Casual mobile games are typically under $5, if not free, and offer in-app purchases or advertising as the mechanism for making money. In contrast, most PC or platform games, especially a new release, can range from $50-$80 and also offer add-ons, expansion packs, and advertising to generate additional revenue. One anomaly is Fortnite which offered a free app on consoles (rolling out to mobile later), but its in-app purchases netted it over $1 billion in revenue on most days after its release.

Cost of Hardware

There’s no doubt that just the games themselves can be a costly investment for a serious gamer, but your casual gamer wants what’s accessible, what’s easy, and most likely what’s already in their hand.

Because the games they’re playing are simpler (though some mobile apps have outstanding graphics and gameplay), uncomplicated, made fairly quickly, and don’t require massive development budgets, they also don’t require complex hardware. Your casual gamer doesn’t have to worry about the latest console or the best buildout on a PC. For PC gamers, a quality computer that offers outstanding performance requires investing wisely. These computers boast hardware you’d not find in your average home computer.

A casual gamer often doesn’t select his or her phone, or even desktop, based on its storage space, cooling capacity, memory, or graphics card. Your serious gamer is researching (investment of time even before playing!) all of these items and more.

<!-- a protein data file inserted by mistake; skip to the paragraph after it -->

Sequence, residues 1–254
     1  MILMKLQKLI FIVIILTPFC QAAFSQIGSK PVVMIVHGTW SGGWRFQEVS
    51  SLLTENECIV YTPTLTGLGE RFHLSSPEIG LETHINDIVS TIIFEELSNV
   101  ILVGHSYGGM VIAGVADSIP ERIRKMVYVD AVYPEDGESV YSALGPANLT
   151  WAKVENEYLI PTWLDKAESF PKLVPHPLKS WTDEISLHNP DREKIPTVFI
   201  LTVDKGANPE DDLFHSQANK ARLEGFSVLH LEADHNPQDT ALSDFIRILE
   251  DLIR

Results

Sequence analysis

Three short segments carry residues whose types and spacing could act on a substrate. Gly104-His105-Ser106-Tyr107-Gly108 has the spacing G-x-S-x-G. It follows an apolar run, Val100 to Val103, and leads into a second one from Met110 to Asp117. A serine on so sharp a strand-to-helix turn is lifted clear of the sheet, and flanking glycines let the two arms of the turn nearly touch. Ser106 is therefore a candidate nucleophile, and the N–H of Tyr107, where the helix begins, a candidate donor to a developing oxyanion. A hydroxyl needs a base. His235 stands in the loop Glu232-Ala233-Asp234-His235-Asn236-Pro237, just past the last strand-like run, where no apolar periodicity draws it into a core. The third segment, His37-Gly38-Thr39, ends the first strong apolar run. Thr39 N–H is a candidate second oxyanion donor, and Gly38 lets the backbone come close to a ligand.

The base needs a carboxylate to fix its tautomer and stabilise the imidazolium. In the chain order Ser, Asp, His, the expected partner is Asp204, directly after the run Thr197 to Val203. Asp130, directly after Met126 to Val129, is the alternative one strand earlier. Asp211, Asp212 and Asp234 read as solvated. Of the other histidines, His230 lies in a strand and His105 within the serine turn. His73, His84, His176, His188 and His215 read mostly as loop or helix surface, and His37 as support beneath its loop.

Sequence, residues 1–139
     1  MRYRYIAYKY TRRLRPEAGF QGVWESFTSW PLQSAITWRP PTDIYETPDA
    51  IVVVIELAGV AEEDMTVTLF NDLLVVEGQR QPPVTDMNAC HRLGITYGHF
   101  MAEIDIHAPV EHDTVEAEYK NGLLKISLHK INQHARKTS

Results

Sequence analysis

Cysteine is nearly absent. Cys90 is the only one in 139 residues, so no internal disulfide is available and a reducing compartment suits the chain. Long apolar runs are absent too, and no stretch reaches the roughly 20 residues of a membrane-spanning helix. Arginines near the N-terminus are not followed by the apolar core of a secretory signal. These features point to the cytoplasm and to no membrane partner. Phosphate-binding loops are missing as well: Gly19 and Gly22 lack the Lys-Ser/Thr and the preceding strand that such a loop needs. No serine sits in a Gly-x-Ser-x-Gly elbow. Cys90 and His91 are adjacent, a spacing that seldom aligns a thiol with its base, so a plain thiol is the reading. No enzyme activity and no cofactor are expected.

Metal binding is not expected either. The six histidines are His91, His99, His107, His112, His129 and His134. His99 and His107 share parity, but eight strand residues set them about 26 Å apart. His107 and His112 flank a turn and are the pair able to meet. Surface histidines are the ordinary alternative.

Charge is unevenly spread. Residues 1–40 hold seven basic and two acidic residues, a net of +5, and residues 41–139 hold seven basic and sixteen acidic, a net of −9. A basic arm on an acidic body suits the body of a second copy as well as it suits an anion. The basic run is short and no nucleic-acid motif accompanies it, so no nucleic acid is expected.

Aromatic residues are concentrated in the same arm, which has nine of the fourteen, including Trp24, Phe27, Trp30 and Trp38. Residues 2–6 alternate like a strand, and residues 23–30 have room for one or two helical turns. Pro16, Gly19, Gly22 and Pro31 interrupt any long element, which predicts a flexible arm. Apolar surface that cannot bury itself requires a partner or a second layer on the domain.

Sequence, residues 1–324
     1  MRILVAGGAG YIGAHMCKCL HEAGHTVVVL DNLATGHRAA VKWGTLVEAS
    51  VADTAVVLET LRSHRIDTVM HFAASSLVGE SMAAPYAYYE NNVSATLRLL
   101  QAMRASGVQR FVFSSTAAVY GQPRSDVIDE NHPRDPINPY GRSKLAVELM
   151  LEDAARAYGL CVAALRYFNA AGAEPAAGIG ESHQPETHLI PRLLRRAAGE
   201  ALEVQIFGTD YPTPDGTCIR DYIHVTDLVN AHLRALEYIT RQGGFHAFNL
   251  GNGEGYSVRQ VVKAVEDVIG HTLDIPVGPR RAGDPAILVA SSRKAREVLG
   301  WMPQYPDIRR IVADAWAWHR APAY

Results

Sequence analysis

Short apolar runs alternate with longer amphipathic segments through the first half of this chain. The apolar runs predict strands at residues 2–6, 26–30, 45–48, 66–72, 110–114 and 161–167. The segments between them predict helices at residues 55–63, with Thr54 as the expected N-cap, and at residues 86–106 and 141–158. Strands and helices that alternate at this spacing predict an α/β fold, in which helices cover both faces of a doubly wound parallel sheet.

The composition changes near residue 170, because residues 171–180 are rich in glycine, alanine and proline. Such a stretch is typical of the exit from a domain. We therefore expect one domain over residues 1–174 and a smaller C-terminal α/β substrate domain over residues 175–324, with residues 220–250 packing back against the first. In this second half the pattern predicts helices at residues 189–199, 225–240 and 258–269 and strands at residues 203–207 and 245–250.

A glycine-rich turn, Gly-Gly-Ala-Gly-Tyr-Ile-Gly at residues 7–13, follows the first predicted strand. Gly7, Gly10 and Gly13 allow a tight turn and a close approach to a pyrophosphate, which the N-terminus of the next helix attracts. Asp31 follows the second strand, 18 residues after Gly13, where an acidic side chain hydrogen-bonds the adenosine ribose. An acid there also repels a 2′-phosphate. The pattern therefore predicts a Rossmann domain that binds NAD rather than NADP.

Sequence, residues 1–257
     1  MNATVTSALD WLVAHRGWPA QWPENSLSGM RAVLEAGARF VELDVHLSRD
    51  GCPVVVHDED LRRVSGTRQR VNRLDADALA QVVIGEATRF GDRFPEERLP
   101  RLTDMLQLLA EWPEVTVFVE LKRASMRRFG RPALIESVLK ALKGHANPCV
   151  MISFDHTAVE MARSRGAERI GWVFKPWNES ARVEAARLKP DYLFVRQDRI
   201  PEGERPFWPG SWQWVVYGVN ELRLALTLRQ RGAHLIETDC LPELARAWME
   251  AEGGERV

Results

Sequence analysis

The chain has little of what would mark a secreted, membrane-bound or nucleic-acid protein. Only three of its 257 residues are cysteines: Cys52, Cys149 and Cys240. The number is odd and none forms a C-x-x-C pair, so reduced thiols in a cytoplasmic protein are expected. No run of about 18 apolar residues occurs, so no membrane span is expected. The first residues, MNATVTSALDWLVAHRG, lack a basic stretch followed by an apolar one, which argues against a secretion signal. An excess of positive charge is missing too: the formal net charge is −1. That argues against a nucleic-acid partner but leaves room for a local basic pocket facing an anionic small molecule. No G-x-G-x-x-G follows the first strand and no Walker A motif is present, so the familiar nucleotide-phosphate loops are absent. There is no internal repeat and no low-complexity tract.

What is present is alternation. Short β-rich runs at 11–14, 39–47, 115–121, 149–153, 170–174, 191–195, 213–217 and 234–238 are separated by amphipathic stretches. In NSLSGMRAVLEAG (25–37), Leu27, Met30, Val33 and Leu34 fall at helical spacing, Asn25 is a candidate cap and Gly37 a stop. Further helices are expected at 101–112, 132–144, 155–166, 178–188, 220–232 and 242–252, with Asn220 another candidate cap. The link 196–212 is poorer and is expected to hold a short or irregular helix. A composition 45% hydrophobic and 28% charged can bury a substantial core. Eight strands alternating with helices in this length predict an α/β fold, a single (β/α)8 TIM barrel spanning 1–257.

Much like consoles and PCs, as phones grow more sophisticated, so will the mobile gaming industry. Many features will likely become more complex, but those will adapt and grow with the phone. In this case, the hardware’s capabilities drive the game. In serious gaming, the games and gaming engines often drive and push for hardware upgrades. In short, your casual gaming enthusiast isn’t interested in spending a lot on casual fun.

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How Will You Game?

The biggest growths in the gaming industry will, undoubtedly, come in the mobile industry, and, as it does, the lines between the casual gamer and serious gamer will begin to blur.

Even in the industry, mobile gaming innovations and developments drive PC game development.

For example, the popularity of augmented reality in some mobile games, like Pokémon GO, has driven the market for virtual reality headsets for both PC and consoles. In a similar fashion, casual gaming may drive some individuals to investigate the world of PC or console gaming. They may seek out richer stories and graphics, more intricate gameplay, and begin to see gaming as not just a way to pass time, but instead as a way to enrich it.

No doubt the two will continue to influence one another and force the industries to grow and change. The biggest variable will remain the gamer and how the industry and each platform caters to and courts serious and casual gamers. Moving forward, how will you game?